Lumberton Republicans are going after Democratic Township Committee candidate Terrance Benson over his ties to Emerging Leaders NJ, a political action committee.
Lumberton GOP Chair Lew Jackson on Sunday announced he had filed a complaint with the Election Law Enforcement Commission (ELEC) charging Benson could not run for office and act as the group’s treasurer at the same time.
“Terrance Benson can be a candidate for Lumberton Township Committee or he can funnel Democrat dark money from his handlers in Mount Holly and Trenton into Lumberton,” Jackson said. “He can’t do both.”
The Democrat initially said he intended to cut ties with the organization if he won his race but changed course after learning ELEC’s regulations barred candidates from managing a PAC while seeking office.
“It was an oversight on my part by not stepping down as treasure of the PAC,” he said. “I will file the necessary paperwork to do so immediately. I’m proud of the initiatives the pro-democratic PAC participated in during my short time as treasurer.”
ELEC’s unofficial regulations say “no candidate shall establish, authorize the establishment of, maintain, or participate directly or indirectly in the management or control of any political committee or any continuing political committee.”
“Our law forbids candidates from running continuing political committees,” ELEC Deputy Director Joe Donohue said, speaking generally and adding violations of that rule could result in a fine of up to $8,600.
Benson has served as treasurer for Emerging Leaders NJ since Dec. 24, 2018.
The PAC hasn’t been exceptionally active during that time. Through June 30 this year, the group spent $7,966.08, with much of that money going to event planning expenses, though it spent more than $2,000 on printing in May.
Last year, Emerging Leaders paid thousands to Local Strategies, LLC., a political consulting firm run by Jason Carty, who is married to Benson’s running mate, Lumberton Democratic Municipal Chairwoman Gina LaPlaca.
The payments to Local Strategies largely predate the local race in Lumberton. Emerging Leaders paid the group a $1,500 retainer on Jan. 4, 2019, and paid another $3,200 for consulting, mailers and “defeating Republicans” on Nov. 12, 2019, shortly after the conclusion of the year’s legislative races.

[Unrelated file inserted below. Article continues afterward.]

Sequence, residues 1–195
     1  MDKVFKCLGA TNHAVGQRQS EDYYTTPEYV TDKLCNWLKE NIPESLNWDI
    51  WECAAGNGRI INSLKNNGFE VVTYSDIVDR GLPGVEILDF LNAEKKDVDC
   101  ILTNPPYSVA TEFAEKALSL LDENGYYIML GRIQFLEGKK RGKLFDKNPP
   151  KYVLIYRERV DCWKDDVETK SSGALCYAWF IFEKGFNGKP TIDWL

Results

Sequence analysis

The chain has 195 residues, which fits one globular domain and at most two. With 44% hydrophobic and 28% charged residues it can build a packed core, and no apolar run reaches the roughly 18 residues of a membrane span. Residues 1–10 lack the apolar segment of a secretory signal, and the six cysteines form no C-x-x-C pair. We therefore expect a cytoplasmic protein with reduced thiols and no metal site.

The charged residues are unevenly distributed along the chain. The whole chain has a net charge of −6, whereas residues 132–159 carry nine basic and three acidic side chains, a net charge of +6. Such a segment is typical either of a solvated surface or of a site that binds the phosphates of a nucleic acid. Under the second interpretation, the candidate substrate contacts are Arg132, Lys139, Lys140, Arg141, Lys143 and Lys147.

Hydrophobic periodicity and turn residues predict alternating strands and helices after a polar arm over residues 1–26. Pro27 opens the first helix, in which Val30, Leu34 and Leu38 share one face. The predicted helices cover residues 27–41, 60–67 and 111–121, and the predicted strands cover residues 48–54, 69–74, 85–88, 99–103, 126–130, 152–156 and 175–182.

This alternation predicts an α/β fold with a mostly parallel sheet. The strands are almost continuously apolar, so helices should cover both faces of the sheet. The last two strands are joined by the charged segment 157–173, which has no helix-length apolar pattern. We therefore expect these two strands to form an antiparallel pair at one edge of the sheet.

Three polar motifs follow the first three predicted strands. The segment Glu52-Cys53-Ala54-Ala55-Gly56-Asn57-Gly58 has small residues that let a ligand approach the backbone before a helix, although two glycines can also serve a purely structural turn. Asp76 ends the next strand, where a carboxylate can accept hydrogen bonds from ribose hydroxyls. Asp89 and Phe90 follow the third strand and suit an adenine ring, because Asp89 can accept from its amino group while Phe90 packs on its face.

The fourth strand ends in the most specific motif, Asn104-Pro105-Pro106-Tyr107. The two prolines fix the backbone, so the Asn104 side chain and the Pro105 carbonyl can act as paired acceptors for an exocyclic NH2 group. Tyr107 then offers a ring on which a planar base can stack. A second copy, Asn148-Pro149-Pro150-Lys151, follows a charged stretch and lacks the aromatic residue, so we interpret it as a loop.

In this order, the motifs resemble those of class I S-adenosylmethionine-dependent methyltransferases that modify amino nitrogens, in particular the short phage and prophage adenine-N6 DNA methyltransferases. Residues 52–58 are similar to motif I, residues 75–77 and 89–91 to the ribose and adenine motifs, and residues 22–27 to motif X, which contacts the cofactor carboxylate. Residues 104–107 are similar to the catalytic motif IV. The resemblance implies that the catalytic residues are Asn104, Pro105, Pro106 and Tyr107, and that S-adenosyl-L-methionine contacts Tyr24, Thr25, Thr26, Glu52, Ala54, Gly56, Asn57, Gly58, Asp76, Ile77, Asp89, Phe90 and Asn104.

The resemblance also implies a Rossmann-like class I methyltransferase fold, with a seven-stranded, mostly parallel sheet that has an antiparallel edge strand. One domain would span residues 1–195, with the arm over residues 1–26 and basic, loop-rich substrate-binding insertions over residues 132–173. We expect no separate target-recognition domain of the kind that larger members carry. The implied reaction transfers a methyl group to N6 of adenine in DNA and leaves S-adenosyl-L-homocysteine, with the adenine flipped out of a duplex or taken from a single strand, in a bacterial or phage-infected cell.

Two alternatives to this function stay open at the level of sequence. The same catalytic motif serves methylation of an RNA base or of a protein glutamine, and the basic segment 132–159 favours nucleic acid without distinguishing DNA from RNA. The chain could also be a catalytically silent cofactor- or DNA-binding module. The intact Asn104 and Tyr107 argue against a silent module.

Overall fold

LaPlaca mounted an unsuccessful bid for Assembly in the eighth legislative district last year.
Benson could not immediately say what races those expenditures went toward.
“This is Trenton and Camden politics coming to Lumberton and it needs to end,” Jackson said. “The proper authorities will get to make a decision on the various charges facing Lumberton Democrats, but we are going to make sure the voters are informed so they have their say on November 3rd.”
The Democrat launched his own attacks at Lumberton’s Republicans over contributions they received from developer Robert Healey Sr. and individuals and firms with ties to him.
“I find it hypocritical of the Lumberton Republicans to criticize Democrats when they themselves have fooled residents for years with their shady political contributions and repeated ELEC violations. In the last year alone Lumberton Republicans took $22,000 from a developer then bought land from him two months later.”
Healey, his son Robert Healey Jr. and firms tied to the two gave at least $25,000 to Republicans in Lumberton since 2017. Benson pointed to another $19,600 in donations to the Lumberton GOP and their candidates from Centron Financial Services and Maritime Financial.
Maritime Financial shares an address with Viking Yachts, which is owned by the Healey family. The New Jersey Globe was unable to establish a firm link between Centron and the Healeys. The Healeys appeared with Walter Devlin, then the organization’s vice president, in a 1985 issue of a motorboating magazine.
LaPlaca and Benson will face Republican Committeeman James Dwyer and Mark Miller in November. Committeeman Sean Earlen, the Burlington County Republican chairman, is not seeking re-election.
In 2016, Lumberton Republicans faced fire over an ELEC complaint alleging illegal candidate-to-candidate transfers between them and other Republicans in the township, though that investigation did not result in any penalties.